What is a care and support worker?

If you need a little support, a care worker may be able to help you to stay in your own home as long as possible.

Care or support workers are employed by a care provider (also called a home care or domiciliary care agency). Care or support workers visit you in your home and support you with your daily living tasks. They can help you with anything from a short visit to help prepare some lunch to staying with you day and night if you need 24 hour support. Most providers will be able to support you with a whole range of tasks and in lots of different situations.

How can a care and support worker help?

Personal Care:

  • helping you get out in and out of bed
  • getting dressed and undressed
  • washing, bathing and showering
  • help with taking medications
  • intensive support after a period of illness or hospital admission  
  • assistance with using the toilet

Household tasks:

  • help with cooking and preparing meals
  • cleaning
  • shopping
  • looking after your pets
  • helping you with paperwork, such as bills and correspondence

Getting out and about:

  • helping you when you need to go to an appointment
  • taking you out for social or leisure activities
  • supporting you so you can continue to work or attend courses or classes

How does it work?

Whether you are having an assessment from the Council and are asking them to arrange your support for you or you are making your own arrangements, the provider will always assess your needs in your own home and talk to you to find out what you would like help with and how. The provider will then agree a weekly schedule with you that sets out when they will visit you and what help they will provide.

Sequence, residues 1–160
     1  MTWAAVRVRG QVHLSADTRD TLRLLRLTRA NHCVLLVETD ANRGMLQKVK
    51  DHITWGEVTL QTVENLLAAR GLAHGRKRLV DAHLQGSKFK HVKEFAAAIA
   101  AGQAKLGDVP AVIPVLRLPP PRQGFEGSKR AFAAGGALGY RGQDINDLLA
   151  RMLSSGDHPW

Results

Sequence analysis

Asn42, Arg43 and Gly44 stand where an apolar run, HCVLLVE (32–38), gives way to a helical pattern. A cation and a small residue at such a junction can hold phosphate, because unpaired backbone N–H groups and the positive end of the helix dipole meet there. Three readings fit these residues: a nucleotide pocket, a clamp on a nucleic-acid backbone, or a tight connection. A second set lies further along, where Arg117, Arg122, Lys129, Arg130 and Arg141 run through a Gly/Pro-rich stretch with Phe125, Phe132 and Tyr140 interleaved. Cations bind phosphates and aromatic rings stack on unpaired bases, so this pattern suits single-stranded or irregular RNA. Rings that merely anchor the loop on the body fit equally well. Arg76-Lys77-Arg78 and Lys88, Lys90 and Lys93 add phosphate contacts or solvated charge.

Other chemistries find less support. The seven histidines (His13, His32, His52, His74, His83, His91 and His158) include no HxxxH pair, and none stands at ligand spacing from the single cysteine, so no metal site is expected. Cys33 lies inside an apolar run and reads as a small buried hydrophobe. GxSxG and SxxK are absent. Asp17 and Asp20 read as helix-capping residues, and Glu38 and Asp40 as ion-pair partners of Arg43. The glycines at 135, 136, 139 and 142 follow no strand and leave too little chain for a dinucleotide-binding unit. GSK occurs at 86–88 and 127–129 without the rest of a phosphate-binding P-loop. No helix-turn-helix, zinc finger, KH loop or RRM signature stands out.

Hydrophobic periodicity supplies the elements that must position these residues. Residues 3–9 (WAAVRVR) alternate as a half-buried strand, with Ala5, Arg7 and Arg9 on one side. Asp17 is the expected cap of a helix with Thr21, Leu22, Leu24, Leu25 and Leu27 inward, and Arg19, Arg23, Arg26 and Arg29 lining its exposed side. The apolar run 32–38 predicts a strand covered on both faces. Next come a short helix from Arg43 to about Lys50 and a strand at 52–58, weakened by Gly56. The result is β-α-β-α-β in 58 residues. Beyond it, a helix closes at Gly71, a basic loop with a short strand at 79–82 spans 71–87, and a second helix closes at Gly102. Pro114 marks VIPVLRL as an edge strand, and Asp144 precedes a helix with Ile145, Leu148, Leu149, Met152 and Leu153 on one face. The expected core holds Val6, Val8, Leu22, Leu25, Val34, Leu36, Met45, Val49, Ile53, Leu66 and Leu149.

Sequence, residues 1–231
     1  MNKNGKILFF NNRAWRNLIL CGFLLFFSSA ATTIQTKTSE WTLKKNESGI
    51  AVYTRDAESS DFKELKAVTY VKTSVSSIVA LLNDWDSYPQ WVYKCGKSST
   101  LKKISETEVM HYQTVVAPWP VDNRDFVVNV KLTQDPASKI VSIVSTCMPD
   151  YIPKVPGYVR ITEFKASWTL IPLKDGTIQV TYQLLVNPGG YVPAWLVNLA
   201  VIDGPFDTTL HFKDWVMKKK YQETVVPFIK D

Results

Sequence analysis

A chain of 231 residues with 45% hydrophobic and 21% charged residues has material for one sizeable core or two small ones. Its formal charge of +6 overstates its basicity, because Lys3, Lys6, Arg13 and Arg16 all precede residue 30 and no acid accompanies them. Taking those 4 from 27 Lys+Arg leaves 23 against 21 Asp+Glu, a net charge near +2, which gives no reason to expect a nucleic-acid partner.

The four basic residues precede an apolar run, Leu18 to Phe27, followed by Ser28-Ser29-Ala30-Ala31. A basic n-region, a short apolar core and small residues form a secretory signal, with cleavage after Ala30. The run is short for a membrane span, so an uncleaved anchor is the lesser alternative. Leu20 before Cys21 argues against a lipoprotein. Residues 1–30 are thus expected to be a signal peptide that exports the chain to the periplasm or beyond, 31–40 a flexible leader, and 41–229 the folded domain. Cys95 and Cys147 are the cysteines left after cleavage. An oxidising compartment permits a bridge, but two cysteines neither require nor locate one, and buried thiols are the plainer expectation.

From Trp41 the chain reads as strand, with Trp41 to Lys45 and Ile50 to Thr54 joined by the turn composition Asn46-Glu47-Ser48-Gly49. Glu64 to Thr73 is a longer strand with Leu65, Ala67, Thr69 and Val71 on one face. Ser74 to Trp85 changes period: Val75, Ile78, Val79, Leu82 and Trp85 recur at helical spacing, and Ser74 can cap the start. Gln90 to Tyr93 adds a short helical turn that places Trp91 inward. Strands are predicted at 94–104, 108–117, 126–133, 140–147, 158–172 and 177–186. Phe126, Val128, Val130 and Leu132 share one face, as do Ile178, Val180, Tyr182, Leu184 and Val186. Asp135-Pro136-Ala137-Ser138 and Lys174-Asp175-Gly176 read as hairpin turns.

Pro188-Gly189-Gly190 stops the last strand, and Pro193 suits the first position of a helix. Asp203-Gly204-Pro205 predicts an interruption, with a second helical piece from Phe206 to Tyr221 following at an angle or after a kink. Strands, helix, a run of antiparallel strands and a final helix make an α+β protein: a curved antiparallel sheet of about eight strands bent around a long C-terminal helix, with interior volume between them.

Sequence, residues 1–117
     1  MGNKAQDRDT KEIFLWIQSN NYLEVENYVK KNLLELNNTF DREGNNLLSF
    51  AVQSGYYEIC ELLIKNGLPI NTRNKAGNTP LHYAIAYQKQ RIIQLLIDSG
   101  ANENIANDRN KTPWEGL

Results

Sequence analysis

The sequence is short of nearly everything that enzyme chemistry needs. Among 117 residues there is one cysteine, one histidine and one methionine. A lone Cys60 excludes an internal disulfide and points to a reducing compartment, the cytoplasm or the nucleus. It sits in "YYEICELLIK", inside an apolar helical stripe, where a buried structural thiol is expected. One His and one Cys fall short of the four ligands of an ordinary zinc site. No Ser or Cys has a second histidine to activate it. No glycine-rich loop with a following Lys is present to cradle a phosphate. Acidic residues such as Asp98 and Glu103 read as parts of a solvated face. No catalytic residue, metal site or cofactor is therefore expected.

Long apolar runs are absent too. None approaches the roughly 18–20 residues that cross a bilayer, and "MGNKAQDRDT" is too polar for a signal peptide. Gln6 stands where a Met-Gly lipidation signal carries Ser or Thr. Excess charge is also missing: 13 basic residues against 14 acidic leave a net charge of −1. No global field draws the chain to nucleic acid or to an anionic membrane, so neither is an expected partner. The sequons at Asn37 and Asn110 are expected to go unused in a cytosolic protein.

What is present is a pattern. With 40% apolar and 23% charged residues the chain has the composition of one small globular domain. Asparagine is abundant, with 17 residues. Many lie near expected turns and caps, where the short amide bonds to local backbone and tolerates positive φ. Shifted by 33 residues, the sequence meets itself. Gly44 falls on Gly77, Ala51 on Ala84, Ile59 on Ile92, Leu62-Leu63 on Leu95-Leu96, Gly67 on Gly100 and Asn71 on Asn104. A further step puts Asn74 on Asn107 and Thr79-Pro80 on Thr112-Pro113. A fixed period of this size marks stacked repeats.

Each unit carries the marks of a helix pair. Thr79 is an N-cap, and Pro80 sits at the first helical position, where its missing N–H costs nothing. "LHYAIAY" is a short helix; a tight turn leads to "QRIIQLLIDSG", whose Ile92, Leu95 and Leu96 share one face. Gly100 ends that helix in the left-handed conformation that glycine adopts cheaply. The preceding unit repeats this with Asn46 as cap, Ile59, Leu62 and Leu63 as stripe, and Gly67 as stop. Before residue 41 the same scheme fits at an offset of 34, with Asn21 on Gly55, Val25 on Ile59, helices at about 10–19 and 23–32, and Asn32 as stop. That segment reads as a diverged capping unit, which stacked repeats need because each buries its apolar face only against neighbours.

Care providers can offer:

  • long term regular support
  • short term intensive support (reablement)
  • 24 hour care
  • emergency support
  • sitting service
  • live-in care

Most providers can also provide short term support in an emergency or to allow family or friends a break from caring.

What is live-in care?

Depending on your situation, you may need a care worker to live with you in your own home to provide 24-hour care and companionship. Your live-in care worker will need their need own bedroom and they would need to take breaks throughout the day. 

What are the benefits of using a provider?

Care providers will provide a service through a trained team of care workers, which means you may not always have the same person visiting your home, although they will always do their best to take your choices into account. The provider will:

  • take over the burden of being an employer, for example they take care of payroll, training, disciplinary issues and insurance  
  • carry out employment checks on care and support workers including taking up references and carrying out Disclosure and Barring Service (DBS) checks
  • train their homecare workers through national qualifications and service-specific training
  • replace workers when they are ill, on holiday or resign.

Finding a care provider

Care providers have to be registered with the Care Quality Commission (CQC). CQC monitors, inspects and regulates these services to make sure they meet fundamental standards of quality and safety. You will be able to see whether a particular provider is meeting these standards on the individual listing on CarePlace. 

 

 

Useful contacts:

GoLocal for Sheen, Mortlake, Barnes, Twickenham or Whitton
Phone: 020 8973 1877
Web:www.golocal.org.uk
Email: hello@golocal.org.uk

Community Partnership for Richmond, Kew, Ham, Petersham,Teddington or The Hamptons
Phone: 020 8831 6464
Web:www.commpartnership.co.uk
Email: advice@commpartnership.co.uk

Richmond Council Adult Access Team
Address: Adult Social Services, Civic Centre, 44 York Street, Twickenham, TW1 3BZ
Phone: 020 8891 7971
Minicom: 18001 020 8891 7971
Email: adultsocialservices@richmond.gov.uk